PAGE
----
Editor's Note: This is the second of a two-part staff editorial on the athletics department. The first part, printed yesterday in this space, incorrectly stated that the softball team has to buy its own uniforms. It doesn't.
All sorts of discrepancies in the treatment of Harvard's athletic teams regularly crop up, according to coaches and players. Of course, athletics department officials say they treat everyone fairly--a claim that would be much more believable if they didn't guard budget figures like Politburo heavies.
The fairness problem is particularly acute with respect to women's sports. While Title IX, a provision of the 1972 federal Education Amendments, legally requires schools to provide "equal athletic opportunity for members of both sexes," Harvard, as well as most other schools, is far from achieving equality. Carole Kleinfelder--the coach of the women's lacrosse team, which has had more big victories in recent years than almost any other Harvard team--sees a disparity in the amount of funding and support from the University and alumni that women's teams get.
Kleinfelder and other coaches, in interviews with The Crimson, talked about a range of "subtle inequities" that range from scheduling training room time to external funding to not welcoming women to apply for coaching positions. Women's teams also have a harder time drawing alumni dollars under the "Friends of..." support system. Mens' team have the advantage with alumni, and women's teams try to help each other through the Harvard-Radcliffe Foundation for Women's Athletics. But that is often not enough and since the University doesn't help make up the difference, they have to spend a lot of time fundraising to support themselves.
There is also the question of the athletics department's attitude towards women. When the department presented an annual report on Title IX, Kleinfelder wasn't even asked to contribute to the report. In fact, she knew nothing about it until the meeting.
Some would explain the disparity between women' and men's athletics, and between richer teams and poor ones, by saying that more visible teams deserve special perks because their victories bring Harvard more in alumni donations. You spend more to get more, the argument might go. (Athletics officials, of course, don't make this argument. According to them, every team is treated about the same.)
But for this to be true, two links have to be drawn. The first is from perks to victories--the idea that special treatment helps teams win. The second is from victories to alumni giving--the idea that winning leads alums to open their wallets a little farther.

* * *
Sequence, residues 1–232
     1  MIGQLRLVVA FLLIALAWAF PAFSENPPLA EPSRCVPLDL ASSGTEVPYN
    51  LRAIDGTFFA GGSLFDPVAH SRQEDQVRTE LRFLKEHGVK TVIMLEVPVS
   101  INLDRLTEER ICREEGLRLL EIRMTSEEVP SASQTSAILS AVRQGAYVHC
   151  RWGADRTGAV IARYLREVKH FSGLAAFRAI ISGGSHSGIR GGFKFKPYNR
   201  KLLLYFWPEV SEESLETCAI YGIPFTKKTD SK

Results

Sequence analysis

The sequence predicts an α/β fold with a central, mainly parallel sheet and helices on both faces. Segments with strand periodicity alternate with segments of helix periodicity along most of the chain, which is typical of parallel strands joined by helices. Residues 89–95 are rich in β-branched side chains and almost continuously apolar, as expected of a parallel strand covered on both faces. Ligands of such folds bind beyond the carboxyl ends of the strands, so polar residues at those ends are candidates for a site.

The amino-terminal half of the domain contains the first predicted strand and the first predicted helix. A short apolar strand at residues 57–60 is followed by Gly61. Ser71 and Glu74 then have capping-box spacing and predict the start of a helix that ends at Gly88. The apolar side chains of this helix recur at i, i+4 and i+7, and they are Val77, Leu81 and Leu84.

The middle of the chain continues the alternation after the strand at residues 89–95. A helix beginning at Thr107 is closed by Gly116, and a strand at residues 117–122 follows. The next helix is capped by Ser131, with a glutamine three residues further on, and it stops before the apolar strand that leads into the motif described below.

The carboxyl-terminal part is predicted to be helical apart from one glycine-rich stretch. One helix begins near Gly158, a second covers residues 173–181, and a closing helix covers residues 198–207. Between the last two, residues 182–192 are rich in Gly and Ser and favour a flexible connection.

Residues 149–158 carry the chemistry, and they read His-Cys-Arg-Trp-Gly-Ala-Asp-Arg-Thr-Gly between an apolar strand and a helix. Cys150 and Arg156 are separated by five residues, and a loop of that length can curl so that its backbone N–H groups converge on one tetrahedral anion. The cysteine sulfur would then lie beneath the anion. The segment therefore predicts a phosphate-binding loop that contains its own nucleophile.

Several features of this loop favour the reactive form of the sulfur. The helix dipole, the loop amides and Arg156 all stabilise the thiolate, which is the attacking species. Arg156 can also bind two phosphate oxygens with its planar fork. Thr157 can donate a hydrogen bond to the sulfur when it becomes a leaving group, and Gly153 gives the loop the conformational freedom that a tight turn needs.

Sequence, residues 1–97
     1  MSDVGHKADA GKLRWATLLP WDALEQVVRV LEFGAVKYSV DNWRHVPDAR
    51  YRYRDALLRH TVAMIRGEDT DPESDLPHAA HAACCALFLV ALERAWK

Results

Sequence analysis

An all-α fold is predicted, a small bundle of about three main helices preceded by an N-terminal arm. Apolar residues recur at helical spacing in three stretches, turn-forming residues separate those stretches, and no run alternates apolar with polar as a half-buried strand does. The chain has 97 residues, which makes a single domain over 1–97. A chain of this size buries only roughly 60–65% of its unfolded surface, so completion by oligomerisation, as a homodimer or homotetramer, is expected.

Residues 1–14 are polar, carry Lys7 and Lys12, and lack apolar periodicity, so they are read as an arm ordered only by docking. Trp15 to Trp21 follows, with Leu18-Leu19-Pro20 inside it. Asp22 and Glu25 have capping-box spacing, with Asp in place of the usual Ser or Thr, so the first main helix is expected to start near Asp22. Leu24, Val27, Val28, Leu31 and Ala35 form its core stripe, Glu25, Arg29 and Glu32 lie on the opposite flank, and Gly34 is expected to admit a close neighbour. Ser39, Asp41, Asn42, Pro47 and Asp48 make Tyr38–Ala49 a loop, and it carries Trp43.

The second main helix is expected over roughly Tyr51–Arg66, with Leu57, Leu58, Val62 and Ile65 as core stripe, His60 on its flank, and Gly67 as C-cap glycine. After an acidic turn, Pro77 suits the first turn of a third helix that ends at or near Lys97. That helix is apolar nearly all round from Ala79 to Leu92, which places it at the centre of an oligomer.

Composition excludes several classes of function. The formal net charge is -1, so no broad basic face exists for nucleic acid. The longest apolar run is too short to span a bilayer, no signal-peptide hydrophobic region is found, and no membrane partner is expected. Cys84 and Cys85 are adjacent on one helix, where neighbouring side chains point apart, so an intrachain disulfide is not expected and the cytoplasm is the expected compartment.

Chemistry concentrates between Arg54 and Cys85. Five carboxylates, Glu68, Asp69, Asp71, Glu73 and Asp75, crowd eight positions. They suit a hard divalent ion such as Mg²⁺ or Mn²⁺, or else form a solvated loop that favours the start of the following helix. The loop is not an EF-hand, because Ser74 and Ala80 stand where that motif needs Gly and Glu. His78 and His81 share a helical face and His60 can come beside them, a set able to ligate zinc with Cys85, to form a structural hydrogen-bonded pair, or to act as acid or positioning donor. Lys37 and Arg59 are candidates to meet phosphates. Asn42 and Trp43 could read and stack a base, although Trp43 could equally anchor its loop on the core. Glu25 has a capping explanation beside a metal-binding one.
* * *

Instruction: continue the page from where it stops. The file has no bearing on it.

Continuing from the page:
These arguments might make sense. The correlation between perks and winning and between winning and donating may be strong. Again, until we see some numbers, we can't find out. But two things are clear.
First, it makes little sense that pork barrel projects like Red Top lead to better performance. Second, no matter how many goodies the big teams get, the smaller teams should be guaranteed some basics. If Harvard is going to have a men's water polo team, for example, it should ensure that the team doesn't have to spend too much time raising its own funds. And regardless of the cost efficiency, all players who win NCAA titles deserve just as much respect and just as many rewards.
Administrators might claim that the money question all comes down to alumni givers. That's reasonable. Perhaps it's true that hockey alums (a.k.a. The Friends of Harvard Hockey) want to give to the hockey team, baseball alums to the baseball team, etc.
But Harvard should be willing at least to encourage these alumni to be flexible with their dollars--especially when some teams get such vastly smaller sums than others. It's fine if the hockey team can afford a new scoreboard, but only if other teams don't have to raise money just to have the basics.
Harvard could set up a "Friends of Harvard Sports" fund to encourage across-the-board gifts. Some might say that alums wouldn't donate to such a fund, even in times of crises. But only the most cynical alumni with deep pockets would allow certain hurting sports to die. That would hurt athletics at Harvard and the College as a whole. Athletic department officials and coaches of the big-money teams can push wealthy alums to give to the general good.
This brings us to the purpose of student athletics at Harvard. Participation on a team should be seen as an open opportunity, not a potential money-maker for the University. If students are going to devote their lives to a Harvard team, they should be treated fairly.
But they shouldn't be treated differently from the rest of us. For two years now, The Crimson has lamented the special admissions tips that athletes receive. The Admissions Office persists in the lie that athletics are no more valued than other extracurriculars, even though a 1990 federal investigation showed that athletes score significantly lower in every category used for admissions.
And this week, The Crimson confirmed that coaches submit ordered lists of applicants to the Admissions Office--lists which can mean the difference between admittance and rejection. "I fear that this may be tough without a field hockey push," one admissions officer wrote on the summary sheet of an applicant.
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